Album Review: Sepia Records Remembers Iconic DOROTHY LAMOUR & CO-STARS THE PARAMOUNT YEARS:1936-1952

Sarong And Thank You

By: Feb. 29, 2024
Album Review: Sepia Records Remembers Iconic DOROTHY LAMOUR & CO-STARS THE PARAMOUNT YEARS:1936-1952
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Album Review: Sepia Records Remembers Iconic DOROTHY LAMOUR & CO-STARS THE PARAMOUNT YEARS:1936-1952 Heigh Ho, dear lovely rainbow tribe, welcome back to Bobby’s CD sandbox where we offer our broken-down breakdowns of new music releases. So, strap in and get ready, as Bobby goes on the record ABOUT the record.

This week’s album entry in the BobbyFiles comes from the lovely children at SEPIA Records, as they salute the lady known as The Sarong Girl. What’s that I hear all my rainbow readers shouting? What’s a sarong and who is this girl? Well, my loves, this album from Sepia is titled Dorothy Lamour & CO-STARS THE PARAMOUNT YEARS:1936-1952 - and it was Lamour who, indeed, carried the moniker calling out the bit of Hawaiian material so closely associated with her. Born Mary Leta Dorothy Slaton on December 10, 1914, in New Orleans, Louisiana, Dottie (as she came to be known by her pals) brought home the Miss New Orleans crown in 1931 and then began to cut her performing teeth, once she and her mom moved to Chicago, where the young songstress performed in local clubs and talent shows around the city. It was in one of these talent shows that orchestra leader, Herbie Kay, heard the chick singer and invited her to go on the road with him for her first steady gig. Then came success in Vaudeville and radio, where, in 1935, NBC created a 15-minute weekly music program for her to helm. Hollywood success was not too far behind, of course, and in 1936, after features in a couple of shorts, she jumped the rope to star in the hit THE JUNGLE PRINCESS, where her star was polished by Edith Head, who put Dorothy in her first Sarong, and that was that ... no, not really, since that was merely the beginning of a major Hollywood career that not only included films, but an enormous recording career, where she introduced classics like MOON OF MANAKOORA, MOONLIGHT AND SHADOWS, MOONLIGHT BECOMES YOU, I REMEMBER YOU, PERSONALITY, and IT COULD HAPPEN TO YOU. Not too shabby, right my rainbow readers? Dorothy lived a long and work-filled life, almost to the end of her 81 years. Her last film was in 1987 and her final performing bow was in a 1990 production of Sondheim’s FOLLIES in LA, where she belted out the show stopper BROADWAY BABY. Through it all she had a terrific PERSONALITY…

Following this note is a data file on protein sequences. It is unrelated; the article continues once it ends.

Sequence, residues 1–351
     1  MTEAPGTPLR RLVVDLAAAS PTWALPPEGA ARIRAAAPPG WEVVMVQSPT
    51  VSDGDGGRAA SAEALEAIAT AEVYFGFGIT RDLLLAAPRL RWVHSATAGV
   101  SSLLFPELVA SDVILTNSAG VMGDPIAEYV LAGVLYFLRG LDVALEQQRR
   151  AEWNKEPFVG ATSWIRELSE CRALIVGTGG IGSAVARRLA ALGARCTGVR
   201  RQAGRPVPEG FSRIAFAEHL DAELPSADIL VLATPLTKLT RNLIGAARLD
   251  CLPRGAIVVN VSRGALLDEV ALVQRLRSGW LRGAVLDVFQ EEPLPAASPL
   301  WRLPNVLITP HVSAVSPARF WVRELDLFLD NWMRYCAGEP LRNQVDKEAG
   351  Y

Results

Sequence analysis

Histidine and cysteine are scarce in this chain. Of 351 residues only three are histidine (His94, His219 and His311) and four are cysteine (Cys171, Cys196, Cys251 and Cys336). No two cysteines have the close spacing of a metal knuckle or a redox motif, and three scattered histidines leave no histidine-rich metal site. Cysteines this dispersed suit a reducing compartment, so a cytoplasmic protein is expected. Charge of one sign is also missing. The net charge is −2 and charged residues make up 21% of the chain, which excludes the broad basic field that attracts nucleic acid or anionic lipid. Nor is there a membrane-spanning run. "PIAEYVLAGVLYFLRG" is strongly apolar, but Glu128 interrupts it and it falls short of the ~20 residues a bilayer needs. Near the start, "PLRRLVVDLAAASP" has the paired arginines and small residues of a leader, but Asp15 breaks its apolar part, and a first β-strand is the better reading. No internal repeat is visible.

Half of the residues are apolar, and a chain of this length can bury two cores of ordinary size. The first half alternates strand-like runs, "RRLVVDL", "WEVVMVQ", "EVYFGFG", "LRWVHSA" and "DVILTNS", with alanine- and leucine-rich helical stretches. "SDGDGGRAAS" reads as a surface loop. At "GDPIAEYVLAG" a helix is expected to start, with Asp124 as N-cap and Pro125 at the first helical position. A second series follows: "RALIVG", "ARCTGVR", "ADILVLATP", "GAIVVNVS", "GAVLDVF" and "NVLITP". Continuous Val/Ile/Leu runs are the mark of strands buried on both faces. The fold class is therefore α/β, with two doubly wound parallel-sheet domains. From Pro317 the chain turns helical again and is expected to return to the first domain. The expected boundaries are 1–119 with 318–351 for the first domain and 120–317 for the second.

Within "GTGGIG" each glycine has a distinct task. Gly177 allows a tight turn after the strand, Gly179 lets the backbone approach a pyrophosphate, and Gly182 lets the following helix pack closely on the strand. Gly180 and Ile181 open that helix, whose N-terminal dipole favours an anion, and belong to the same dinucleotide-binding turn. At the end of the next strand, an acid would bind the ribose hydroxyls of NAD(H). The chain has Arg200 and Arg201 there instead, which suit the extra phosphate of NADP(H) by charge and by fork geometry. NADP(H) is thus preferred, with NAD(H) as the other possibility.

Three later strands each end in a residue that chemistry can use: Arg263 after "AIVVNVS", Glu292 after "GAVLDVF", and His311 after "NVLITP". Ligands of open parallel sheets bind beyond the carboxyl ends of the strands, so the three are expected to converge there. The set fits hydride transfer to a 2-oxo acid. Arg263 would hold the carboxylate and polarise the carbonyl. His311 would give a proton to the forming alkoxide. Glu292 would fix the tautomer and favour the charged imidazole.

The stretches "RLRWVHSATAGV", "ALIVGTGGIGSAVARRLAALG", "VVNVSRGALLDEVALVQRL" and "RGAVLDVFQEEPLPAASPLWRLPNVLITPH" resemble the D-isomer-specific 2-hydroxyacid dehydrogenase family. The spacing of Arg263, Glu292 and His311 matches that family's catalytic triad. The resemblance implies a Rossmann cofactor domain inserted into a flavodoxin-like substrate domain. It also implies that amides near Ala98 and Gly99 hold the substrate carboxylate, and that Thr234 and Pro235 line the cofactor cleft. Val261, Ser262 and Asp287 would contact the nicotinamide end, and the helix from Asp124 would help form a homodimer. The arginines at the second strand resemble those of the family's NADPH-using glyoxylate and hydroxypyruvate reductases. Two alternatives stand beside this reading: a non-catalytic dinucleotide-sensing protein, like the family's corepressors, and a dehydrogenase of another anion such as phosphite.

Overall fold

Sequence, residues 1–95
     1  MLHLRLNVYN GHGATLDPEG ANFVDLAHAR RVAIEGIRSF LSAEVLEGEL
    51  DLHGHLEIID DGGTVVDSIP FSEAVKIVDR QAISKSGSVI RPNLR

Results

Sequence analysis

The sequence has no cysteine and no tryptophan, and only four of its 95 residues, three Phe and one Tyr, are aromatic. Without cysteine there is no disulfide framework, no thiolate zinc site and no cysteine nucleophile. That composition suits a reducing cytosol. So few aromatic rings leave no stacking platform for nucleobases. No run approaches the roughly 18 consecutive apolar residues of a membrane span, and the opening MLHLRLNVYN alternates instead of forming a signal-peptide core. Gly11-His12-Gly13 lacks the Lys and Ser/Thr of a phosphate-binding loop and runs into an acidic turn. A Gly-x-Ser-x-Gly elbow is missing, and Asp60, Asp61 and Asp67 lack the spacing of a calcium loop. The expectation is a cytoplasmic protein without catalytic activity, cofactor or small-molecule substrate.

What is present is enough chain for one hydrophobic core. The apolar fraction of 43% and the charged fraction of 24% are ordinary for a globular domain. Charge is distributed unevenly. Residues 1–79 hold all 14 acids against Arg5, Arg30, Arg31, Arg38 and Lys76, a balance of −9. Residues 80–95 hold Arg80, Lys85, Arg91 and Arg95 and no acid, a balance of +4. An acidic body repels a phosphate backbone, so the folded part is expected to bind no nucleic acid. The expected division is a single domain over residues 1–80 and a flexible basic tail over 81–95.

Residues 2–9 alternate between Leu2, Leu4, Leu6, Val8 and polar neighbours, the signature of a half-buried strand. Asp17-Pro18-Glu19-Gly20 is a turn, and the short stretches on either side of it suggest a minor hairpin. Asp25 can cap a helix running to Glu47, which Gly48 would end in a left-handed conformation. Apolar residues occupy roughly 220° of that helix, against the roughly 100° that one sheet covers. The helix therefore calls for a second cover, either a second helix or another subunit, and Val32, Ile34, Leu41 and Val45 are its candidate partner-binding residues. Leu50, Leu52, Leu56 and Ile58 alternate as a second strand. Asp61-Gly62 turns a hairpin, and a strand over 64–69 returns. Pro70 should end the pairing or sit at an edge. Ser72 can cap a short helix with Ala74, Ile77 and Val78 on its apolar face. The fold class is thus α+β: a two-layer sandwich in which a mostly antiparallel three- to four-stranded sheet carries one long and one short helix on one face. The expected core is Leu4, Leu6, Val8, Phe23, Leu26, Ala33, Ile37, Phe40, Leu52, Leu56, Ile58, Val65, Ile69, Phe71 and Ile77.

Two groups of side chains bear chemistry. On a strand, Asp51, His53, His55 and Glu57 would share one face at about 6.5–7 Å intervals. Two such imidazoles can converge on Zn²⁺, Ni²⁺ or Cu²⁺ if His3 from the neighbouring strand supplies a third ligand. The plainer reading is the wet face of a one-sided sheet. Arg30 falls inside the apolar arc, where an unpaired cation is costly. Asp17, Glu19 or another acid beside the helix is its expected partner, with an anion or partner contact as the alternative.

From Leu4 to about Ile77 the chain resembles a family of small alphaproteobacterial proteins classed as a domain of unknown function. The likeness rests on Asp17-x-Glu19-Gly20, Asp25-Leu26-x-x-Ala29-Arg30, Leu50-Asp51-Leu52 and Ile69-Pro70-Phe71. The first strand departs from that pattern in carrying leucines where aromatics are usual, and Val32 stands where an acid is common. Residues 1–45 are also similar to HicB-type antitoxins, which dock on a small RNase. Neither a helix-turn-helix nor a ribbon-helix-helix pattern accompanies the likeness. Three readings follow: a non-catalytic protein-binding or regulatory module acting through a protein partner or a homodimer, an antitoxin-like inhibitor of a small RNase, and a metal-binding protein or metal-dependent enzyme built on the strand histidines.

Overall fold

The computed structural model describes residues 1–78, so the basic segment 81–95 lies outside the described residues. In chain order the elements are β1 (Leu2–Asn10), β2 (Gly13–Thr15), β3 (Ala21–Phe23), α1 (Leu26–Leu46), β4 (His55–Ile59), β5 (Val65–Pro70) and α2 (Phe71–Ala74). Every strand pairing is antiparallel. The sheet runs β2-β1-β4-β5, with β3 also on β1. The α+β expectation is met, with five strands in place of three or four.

Kicking off with the uber danceable PANAMANIA - from the Paramount feature, SWING HIGH, SWING LOW, starring Carole Lombard and Fred MacMurray - we hear a classic Big Band Era jump & jive number. Dottie bounces this one in her velvety voice with enough belt to tackle the blaring band, easily. Her speedy attack inspires our chair-dancing mojo for sure, despite the musical fact she rarely sang anything staccato. Her vocals flow like water up and down the alto range of the song with a real flair. Cut #14 on disc 1 is the hauntingly beautiful Loesser & Hollander ballad STRANGE ENCHANTMENT from MAN ABOUT TOWN (1939). Here, Lamour keeps it all rich, low, and slow without a hint of over-sweet syrup. This is a ballad of longing and her alto is well suited to the atmosphere of the song. Also, This number is a real standout of remastering by the SEPIA crew, who have mined sounds from 80+ years ago and polished them all, ever so subtly. The song was Dorothy’s personal best, hitting #5 on the charts for that year. Near the end of the first disc comes the song that this rainbow writer most associates with our Lady of the Moonlight, the love song from ROAD TO MORROCO - MOONLIGHT BECOMES YOU (Studio Disc). This cut of the song is an alternate offering from the film where Dottie is joined by her inevitable co-stars, Hope & Crosby. You see, after Bing was given the first crack at the song earlier in the film, it was reprised here and there for continuity sake, and SEPIA has selected a raw recording from a studio session where all three were on the mic together. One can hear the orchestra conductor counting the musicians in and the 3 long-time co-stars' vocals make a nice trio out of this solo love song.